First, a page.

If you are renting or a boarder, a serious illness may cause you to change your living situation.
If you would like to stay in your rental home during treatment but can’t pay rent how you usually would, contact your landlord and talk about options for changing the ways you pay rent during the treatment period.
You may want to explain your diagnosis, the duration of treatment, and the timing of any income you might receive during this time. Are you getting a lump sum insurance payout? Regular payments from your insurer? An accommodation supplement through Work and Income?
Your landlord may be able to accommodate you paying rent on a different timeline to how you were paying before – for example, in a lump sum in a month’s time; weekly, fortnightly, or monthly, depending on when your income is credited into your account, etc.
As long as you can pay rent, your landlord should not have any reason to end your tenancy unless something changes for the landlord themselves, such as selling the house or their own family needing to use it in an emergency.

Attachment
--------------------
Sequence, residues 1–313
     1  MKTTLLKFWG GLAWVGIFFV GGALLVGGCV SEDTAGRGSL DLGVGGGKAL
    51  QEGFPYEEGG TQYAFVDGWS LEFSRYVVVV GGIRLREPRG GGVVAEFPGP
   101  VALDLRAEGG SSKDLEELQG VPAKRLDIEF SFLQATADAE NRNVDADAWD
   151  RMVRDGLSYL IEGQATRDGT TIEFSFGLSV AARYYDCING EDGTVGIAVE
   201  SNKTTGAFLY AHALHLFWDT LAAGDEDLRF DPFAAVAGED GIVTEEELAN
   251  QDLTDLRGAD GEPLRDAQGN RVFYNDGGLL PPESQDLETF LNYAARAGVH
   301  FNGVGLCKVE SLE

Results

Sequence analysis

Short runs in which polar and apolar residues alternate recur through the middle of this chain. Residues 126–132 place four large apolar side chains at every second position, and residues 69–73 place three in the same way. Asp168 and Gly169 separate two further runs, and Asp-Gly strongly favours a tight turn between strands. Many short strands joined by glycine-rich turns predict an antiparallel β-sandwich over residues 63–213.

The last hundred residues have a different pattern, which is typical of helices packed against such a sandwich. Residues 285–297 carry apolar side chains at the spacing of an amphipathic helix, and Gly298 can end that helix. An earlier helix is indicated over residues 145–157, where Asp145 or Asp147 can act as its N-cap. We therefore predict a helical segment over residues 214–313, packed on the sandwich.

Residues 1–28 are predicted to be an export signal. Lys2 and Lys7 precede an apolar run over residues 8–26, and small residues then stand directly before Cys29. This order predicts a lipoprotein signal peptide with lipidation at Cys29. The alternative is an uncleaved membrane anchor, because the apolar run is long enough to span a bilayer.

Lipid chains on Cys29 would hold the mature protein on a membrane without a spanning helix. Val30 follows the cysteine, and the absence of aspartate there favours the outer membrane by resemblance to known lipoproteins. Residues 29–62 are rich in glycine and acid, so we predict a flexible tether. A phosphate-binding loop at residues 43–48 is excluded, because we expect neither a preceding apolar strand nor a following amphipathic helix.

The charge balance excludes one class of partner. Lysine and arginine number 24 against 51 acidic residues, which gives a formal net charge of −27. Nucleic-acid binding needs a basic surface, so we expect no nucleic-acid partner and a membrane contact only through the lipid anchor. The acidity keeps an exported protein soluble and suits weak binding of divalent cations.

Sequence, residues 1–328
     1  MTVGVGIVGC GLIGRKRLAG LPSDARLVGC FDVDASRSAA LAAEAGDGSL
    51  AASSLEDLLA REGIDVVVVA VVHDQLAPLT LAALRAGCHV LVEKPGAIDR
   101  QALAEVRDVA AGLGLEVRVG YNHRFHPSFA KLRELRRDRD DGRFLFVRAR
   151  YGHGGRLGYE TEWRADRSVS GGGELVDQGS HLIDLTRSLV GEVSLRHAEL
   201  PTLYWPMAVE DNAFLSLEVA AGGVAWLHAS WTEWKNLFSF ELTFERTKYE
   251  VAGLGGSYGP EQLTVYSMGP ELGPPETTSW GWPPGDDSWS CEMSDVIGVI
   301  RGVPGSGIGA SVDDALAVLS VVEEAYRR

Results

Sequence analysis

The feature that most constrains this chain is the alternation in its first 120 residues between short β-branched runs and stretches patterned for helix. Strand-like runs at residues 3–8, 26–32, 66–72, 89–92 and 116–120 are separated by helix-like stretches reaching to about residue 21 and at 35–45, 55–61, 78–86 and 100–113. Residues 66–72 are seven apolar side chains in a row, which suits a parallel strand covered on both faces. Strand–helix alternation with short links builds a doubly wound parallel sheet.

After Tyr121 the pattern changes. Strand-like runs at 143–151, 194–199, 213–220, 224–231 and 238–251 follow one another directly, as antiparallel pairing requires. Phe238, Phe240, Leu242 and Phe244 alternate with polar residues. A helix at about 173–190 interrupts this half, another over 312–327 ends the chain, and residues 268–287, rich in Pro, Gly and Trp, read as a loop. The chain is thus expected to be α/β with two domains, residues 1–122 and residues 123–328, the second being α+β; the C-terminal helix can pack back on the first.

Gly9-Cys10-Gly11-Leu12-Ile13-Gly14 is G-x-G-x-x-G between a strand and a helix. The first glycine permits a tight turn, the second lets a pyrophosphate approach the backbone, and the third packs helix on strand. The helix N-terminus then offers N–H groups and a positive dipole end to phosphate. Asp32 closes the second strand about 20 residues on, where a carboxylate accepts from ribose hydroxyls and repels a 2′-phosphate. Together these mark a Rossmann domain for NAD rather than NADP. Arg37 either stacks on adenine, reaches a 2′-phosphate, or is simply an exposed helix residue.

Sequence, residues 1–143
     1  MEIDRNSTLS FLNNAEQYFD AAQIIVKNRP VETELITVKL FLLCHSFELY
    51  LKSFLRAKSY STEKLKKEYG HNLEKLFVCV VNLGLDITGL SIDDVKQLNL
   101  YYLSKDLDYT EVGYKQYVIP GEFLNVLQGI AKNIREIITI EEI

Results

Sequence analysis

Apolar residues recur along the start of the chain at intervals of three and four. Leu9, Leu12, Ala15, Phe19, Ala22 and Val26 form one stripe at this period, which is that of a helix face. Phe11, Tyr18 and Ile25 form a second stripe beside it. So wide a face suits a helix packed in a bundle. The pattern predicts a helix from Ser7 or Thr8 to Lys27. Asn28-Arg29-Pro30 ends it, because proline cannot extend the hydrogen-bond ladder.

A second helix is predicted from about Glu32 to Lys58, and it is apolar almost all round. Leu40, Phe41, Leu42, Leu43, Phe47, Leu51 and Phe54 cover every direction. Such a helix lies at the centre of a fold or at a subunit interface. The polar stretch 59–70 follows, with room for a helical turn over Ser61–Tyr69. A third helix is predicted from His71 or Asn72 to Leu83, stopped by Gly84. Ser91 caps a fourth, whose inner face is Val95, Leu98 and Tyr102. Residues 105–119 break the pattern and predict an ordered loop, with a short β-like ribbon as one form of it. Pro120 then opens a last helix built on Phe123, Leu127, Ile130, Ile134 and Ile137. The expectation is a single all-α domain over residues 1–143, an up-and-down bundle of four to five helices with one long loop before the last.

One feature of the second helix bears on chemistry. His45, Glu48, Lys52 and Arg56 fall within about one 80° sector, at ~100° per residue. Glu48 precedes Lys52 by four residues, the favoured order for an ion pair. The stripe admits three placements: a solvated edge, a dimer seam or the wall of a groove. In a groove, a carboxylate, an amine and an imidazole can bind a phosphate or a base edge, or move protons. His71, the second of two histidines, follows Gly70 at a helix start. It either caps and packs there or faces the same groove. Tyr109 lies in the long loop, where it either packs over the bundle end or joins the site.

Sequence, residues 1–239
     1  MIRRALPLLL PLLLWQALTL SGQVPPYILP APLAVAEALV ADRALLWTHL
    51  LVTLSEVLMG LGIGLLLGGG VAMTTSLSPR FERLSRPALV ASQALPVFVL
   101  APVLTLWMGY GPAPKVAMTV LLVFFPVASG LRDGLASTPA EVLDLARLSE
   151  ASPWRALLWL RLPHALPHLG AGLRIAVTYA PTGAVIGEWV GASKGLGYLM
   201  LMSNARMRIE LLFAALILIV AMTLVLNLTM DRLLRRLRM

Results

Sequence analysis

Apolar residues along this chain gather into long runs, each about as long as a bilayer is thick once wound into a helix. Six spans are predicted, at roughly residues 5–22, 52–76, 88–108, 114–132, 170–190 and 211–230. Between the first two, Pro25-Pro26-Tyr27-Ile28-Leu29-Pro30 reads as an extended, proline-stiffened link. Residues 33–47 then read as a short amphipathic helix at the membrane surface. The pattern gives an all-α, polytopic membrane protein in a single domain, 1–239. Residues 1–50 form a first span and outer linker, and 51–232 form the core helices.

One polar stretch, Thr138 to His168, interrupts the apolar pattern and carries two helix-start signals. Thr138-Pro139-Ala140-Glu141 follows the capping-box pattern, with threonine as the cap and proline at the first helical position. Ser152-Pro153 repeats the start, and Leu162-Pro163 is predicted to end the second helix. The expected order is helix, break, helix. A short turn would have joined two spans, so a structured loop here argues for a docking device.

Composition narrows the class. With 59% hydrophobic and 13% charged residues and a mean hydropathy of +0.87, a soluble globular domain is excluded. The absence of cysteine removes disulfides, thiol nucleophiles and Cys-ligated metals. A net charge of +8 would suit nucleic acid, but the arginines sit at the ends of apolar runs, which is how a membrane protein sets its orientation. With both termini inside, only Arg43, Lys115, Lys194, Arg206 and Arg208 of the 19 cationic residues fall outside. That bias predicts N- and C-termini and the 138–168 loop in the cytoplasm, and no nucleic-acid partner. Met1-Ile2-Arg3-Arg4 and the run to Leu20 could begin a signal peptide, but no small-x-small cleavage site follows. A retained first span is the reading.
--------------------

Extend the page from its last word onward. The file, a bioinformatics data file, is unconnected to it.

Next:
If you would like to leave your rental and seek other options such as living with family, you’ll need to look into the type of lease you have and what is required for giving notice.
If a solution can’t be found – whether with changing your rental payments or leaving your tenancy – contact Tenancy Services.
If you do need to appeal to the Tenancy Tribunal, there are accessible legal resources available. You can approach Citizen’s Advice Bureau and ask for help with understanding your lease, or with next steps in resolving a conflict with your landlord.